AFP: Iran may have received three shipments of sophisticated P-2 centrifuges capable of enriching uranium, diplomats said Friday, which could support Western claims that Tehran is hiding sensitive nuclear work. VIENNA, Jan 20, 2006 (AFP) – Iran may have received three shipments of sophisticated P-2 centrifuges capable of enriching uranium, diplomats said Friday, which could support Western claims that Tehran is hiding sensitive nuclear work.
There were reportedly three shipments of one centrifuge each from the black-market network of disgraced Pakistani nuclear scientist Abdul Qadeer Khan in 1997, one diplomat said.
Centrifuges are used to enrich uranium for either nuclear reactor fuel or atom bomb material.
Iran, which already has the less high-tech P-1 centrifuges, denies having received the more advanced machines, which make enriching uranium easier.
Tehran says its nuclear program is a peaceful effort to generate electricity but the United States alleges it is hiding covert work on atomic weapons, for which highly enriched uranium is necessary.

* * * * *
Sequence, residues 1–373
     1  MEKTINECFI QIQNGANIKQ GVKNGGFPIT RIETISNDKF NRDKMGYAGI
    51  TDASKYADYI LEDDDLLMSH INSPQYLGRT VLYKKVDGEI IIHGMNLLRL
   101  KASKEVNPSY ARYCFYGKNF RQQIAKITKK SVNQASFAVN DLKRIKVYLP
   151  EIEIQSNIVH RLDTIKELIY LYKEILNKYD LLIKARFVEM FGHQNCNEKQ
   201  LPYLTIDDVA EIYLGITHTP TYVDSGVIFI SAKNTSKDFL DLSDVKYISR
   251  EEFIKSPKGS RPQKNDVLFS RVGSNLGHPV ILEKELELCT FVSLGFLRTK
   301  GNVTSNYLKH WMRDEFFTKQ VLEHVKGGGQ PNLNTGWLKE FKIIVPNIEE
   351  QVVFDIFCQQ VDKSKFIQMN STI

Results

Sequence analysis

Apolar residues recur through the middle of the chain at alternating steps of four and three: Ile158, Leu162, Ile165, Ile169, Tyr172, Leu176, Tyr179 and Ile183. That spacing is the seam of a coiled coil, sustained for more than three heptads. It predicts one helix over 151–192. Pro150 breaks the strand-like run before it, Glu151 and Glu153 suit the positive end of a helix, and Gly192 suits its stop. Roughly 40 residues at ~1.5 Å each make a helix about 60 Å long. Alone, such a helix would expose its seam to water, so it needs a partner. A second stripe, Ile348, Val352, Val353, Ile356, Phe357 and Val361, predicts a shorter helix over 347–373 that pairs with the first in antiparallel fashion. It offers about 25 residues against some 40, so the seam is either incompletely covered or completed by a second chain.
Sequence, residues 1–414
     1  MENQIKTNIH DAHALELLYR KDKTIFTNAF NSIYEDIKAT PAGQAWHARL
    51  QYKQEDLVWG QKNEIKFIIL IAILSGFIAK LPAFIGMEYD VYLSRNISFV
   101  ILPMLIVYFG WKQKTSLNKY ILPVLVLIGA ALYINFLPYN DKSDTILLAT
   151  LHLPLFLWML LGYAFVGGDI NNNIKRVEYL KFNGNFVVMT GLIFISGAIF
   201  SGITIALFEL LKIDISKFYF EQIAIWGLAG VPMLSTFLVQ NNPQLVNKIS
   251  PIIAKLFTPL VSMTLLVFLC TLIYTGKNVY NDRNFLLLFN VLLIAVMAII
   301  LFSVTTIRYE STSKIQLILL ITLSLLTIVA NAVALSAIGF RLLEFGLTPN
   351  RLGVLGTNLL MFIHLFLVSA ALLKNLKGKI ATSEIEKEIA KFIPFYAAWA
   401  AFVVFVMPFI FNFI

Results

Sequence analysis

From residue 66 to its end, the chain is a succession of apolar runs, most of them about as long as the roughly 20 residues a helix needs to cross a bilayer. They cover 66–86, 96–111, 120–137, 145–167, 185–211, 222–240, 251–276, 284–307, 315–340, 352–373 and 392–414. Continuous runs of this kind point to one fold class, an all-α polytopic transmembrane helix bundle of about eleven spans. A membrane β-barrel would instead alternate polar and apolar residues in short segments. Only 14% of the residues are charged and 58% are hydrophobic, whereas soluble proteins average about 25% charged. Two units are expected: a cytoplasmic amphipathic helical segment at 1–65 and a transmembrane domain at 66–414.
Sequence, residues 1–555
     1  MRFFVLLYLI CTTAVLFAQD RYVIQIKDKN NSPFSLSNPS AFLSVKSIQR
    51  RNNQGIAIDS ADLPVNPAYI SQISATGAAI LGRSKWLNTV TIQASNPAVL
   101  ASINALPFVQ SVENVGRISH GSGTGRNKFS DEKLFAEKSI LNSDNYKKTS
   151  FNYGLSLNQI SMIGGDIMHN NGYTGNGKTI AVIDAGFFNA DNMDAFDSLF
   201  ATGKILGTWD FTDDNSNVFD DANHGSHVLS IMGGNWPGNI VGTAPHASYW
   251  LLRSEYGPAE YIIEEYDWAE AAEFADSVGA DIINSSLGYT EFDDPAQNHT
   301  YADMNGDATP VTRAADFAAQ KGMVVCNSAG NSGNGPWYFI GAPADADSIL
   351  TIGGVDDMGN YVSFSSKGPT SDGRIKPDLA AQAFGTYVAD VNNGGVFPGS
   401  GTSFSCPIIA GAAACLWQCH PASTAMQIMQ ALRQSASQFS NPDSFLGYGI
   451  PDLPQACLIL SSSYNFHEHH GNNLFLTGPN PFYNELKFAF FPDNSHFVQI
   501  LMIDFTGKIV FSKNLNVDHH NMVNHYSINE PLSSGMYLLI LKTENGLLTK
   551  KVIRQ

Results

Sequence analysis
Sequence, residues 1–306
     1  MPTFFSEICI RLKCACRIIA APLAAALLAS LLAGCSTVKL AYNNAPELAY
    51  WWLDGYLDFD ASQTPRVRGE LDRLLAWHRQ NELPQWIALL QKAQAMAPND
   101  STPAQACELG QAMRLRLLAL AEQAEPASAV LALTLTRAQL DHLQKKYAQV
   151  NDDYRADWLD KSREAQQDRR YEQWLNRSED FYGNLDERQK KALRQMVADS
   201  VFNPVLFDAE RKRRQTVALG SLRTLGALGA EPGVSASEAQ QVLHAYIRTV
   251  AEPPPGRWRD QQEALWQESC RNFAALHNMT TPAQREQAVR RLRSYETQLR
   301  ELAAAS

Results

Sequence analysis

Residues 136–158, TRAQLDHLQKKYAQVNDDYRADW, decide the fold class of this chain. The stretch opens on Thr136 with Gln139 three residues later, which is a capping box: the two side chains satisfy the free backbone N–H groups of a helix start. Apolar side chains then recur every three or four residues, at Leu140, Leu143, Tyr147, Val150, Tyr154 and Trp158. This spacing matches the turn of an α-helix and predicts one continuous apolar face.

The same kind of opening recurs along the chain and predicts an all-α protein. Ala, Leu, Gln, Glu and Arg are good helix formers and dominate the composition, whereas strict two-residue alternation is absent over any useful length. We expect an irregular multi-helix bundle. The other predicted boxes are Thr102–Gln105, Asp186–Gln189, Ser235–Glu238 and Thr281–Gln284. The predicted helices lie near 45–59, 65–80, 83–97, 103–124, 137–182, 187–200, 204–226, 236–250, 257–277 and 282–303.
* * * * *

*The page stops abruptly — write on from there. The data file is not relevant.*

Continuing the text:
A second diplomat said the UN watchdog International Atomic Energy Agency (IAEA), which has been investigating Iran’s nuclear program for three years, was investigating the P-2 report.
Asked if this could be the “smoking gun” for the West’s fears, the diplomat replied: “Yes. If this is confirmed the game is over.”
The diplomat did not rule out that the shipments could have contained more than one centrifuge.
Iran claims it only received designs for P-2 machines in the mid-1990s and “that it did not pursue any work on the P-2 design between 1995 and 2002,” an IAEA report in September 2005 noted.
The first diplomat, who like other envoys interviewed asked not to be named due to the sensitivity of the issue, said a former member of AQ Khan’s network had told Western interrogators that “there were three actual shipments to Iran of one P-2 each three separate times in 1997.”
Non-proliferation analyst David Albright told AFP from Washington that the Khan network “always sent sample machines with designs.”
“It would make sense if Iran got this. This is how the Khan network worked. They had stockpiles of these things in Dubai,” said Albright, a former UN nuclear inspector.
If Iran “imported whole P-2 machines, that’s a significant difference from what they told the IAEA,” he said.
Iranian officials in Vienna could not be reached for comment.